The charity sector’s problems with public trust and sustainable finances will still “be waiting for us” after the pandemic, a chief executive has warned.
Alex Fox, the boss of Shared Lives Plus, was speaking yesterday at the launch of his report Meeting As Equals, which argues that charities should adopt a more asset-based approach allowing them to “adapt, survive and thrive, not just financially but ethically as well”.
The report was produced with the RSA and NCVO.
Time for reform
Fox told the online audience: “No one needs reminding of the existential challenges facing our communities and the charities which seek to serve them. There are charities whose survival is in serious doubt."
He added that, even as charities are forced to focus on surviving the pandemic, organisations “have no choice” but to plan now for working in a society which will look very different after coronavirus.
Reforming to more asset-based work involves “the development of policies and activities based on the capacities, skills and assets of those people and neighbourhoods”, the report says.
Fox told the event that at its best this meant charities “reinventing themselves and their organisations in surprising ways”.
Trust issues ‘have not gone anywhere’
Fox argued that such reforms will also help the sector as a whole deal with persistent issues unrelated to the pandemic.
He said: “The charity sector went into this crisis with severe reputational, public trust and financial crises all of our own, and those issues have not gone anywhere.
“They will be waiting for us as the pandemic becomes more manageable."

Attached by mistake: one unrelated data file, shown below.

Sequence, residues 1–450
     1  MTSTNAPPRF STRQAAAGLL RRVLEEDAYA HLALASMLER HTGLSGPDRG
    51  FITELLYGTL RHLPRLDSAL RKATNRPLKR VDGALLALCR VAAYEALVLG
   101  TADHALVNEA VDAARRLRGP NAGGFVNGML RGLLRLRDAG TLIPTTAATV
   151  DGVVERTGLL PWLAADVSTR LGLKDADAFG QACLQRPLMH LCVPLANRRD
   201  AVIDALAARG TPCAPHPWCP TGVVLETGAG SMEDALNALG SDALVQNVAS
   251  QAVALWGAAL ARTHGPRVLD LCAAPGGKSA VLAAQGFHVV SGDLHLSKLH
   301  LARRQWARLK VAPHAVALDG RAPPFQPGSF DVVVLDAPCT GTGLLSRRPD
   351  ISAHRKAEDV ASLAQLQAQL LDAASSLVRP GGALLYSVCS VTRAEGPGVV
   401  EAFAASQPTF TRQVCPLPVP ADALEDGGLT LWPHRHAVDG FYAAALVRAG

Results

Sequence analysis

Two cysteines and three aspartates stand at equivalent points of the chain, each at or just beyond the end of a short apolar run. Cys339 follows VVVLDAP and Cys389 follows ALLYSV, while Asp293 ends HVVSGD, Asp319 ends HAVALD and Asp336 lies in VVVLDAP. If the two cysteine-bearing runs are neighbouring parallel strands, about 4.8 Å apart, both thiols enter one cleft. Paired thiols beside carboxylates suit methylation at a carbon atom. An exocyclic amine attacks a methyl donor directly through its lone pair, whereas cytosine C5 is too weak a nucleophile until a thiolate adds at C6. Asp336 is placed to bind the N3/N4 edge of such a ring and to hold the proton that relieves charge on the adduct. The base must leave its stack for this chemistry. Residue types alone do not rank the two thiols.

Later in the event Fox warned charities: “If we continue to act in ways which people find corporate, distant, impersonal, we are not going to find that abundance.
“We like to talk about how we as charities speak truth to power, but we have to think just as much about the power we have accumulated ourselves.”
In a panel debate after Fox’s presentation, Matthew Taylor, the outgoing chief executive of the RSA, said that strong charity leaders would need to be pragmatic when considering what major reforms can achieve.
Taylor said: “Two-thirds of operational change strategies are expensive failures.
“I think one of the reasons for that it because they [people leading the reforms] often say something which is impossible.
“They often say, ‘When you go through this change process you will no longer have any silos in your organisation, you will no longer have any differences in your organisation, there will no longer be things pulling in different directions’.
“Well, that is just baloney.
“Life is complicated and organisations face different kinds of imperatives. The challenge is to own that, to share it, to engage colleagues, stakeholders, citizens, clients, in an intelligent conversation about those trade-offs.”
Taylor also warned charities that involving beneficiaries in organisational reform was important but brought its own risks.
He said: “If you want an approach which is user-driven, that is great. Brilliant.
“But there will be inherent tensions which emerge if you have a user-driven process, which is the danger of being captured by the users you have got now, rather than the user which you might have, or the users you might have in the future.
“Or the fact is you say you are responding to the users [but] you are actually responding to a very small number of very active users, not the whole group.”
Writing in a foreword to the report, Sarah Vibert, the interim chief executive at NCVO, said: “Charities need to look towards the future and to move with the pace of new technology and a rapidly changing world.
“But their long-established values remain their most important asset; whatever use charities make of tech and innovation in their work, it should be in the service of reaching people who are excluded, connecting those who are isolated, and distributing power more equally.”